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It must be the time of year, smack dab between Mother's Day and Father's Day, that has me thinking about my family, the people I grew up with and the people who raised me.
Both my parents are dead. We buried our mother in 1999, after she died of metastatic colon cancer at the age of 61. Our dad passed away in 2004, a few days short of his 71st birthday. But truth be told, he left a long time before that due to Alzheimer's disease.
That leaves my three younger siblings, who are sort of like dandelion seeds blown away by the wind.
The truth is I should just let them go. Each, in their own time and in their own way, have come to the conclusion that they need to live their adult lives without any contact with their siblings. I struggle to understand their reasons, of which I can only make educated guesses, which ultimately leaves me with more questions than answers.
If I am really honest, I probably could have predicted this outcome based on my cancer experience. For example, when my three siblings were tested to see if they could be a bone marrow donor for me, one said that they would have to consider whether to give their bone marrow to me if they were a match. No one matched, eliminating this dilemma. Another sibling made fun of me when I started wearing a wig to cover my baldness. There were rumblings in the family that the reason I got cancer was because I was "burning the candle at both ends" and because I was partying in the dorms at college. Only one sibling came to visit me in the hospital on a regular basis, accompanying our dad; the other two were MIA. Instead of bringing us together as a family, my cancer diagnosis tore us further apart.
I know what they said and what they did back then really had very little to do with me and everything to do with them. Sure, it hurt me. But I can excuse their behavior and overlook their comments because they were young and ill-prepared to handle their older sister's life threatening illness.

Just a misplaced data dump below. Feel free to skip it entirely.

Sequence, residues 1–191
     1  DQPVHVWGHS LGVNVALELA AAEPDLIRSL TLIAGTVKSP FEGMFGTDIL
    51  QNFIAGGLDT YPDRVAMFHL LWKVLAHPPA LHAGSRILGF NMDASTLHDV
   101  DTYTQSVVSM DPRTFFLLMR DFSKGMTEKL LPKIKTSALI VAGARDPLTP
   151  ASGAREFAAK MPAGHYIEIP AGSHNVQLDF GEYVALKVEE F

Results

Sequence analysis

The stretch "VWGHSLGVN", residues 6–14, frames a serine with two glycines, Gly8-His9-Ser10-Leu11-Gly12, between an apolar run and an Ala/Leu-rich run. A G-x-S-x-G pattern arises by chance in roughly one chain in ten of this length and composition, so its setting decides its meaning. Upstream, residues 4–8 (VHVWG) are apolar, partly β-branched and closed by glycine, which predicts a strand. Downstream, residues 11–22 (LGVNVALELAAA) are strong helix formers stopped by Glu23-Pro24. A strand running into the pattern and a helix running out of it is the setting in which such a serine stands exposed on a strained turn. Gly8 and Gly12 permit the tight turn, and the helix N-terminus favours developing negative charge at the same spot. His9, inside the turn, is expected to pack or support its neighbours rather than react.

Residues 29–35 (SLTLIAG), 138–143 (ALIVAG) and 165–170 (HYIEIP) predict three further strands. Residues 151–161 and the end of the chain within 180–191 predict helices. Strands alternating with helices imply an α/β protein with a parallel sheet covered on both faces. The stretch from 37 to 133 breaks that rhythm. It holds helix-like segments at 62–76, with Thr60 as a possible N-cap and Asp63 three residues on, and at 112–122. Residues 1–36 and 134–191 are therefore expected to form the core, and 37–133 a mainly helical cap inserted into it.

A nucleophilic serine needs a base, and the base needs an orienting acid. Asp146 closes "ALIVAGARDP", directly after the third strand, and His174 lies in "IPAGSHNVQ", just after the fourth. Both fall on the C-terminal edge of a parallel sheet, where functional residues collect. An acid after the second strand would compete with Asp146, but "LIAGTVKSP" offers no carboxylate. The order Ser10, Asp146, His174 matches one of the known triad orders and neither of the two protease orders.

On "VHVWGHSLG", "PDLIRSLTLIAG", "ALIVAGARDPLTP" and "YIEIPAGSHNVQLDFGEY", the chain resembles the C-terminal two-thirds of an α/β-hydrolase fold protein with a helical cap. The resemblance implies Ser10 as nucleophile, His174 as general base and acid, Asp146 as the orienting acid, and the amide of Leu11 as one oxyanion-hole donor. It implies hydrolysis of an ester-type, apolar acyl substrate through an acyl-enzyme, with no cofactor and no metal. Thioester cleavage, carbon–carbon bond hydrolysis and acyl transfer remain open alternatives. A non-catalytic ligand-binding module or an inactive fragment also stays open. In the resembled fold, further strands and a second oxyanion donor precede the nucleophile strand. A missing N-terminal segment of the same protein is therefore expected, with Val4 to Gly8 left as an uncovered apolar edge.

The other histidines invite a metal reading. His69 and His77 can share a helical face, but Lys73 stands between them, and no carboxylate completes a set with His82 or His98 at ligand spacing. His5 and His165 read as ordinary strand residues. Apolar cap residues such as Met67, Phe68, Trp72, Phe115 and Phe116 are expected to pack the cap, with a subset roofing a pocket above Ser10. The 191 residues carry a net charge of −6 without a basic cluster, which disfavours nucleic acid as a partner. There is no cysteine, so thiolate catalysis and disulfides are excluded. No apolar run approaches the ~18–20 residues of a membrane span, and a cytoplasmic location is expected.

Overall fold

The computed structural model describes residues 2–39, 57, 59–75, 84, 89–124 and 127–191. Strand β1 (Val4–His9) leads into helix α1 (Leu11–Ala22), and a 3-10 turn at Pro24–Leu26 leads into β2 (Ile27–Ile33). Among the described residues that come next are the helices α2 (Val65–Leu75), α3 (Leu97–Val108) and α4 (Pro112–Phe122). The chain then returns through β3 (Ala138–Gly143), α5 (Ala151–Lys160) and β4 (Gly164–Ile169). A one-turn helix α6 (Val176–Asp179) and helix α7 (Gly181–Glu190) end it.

But as the years have passed, I've kept hoping that they would overcome the baggage of our collective past and make amends so we could move on together.
I know that people who cutoff from their parents, siblings and other family members due so because of their own unresolved emotional issues. Unfortunately, avoiding their family of origin doesn't make those issues go away. In fact, they are very likely to let those issues play out in their marriages, families and friendships, in essence creating situations where those scenarios play out again ... and again ... and again.
This only intensifies my sadness, as I am here waiting to resolve those issues with them when they are able to do so in a mature, honest and forthright manner.
The last time the four of us where in the same place was at our father's funeral. We were all there at the cemetery, watching as they interred our father into the wall of the mausoleum. I often wonder if this was the very last time we would all be together. In which case, the irony has not escaped me--a cemetery would be the perfect setting for our last rendezvous, especially since they have all decided that they are dead to me.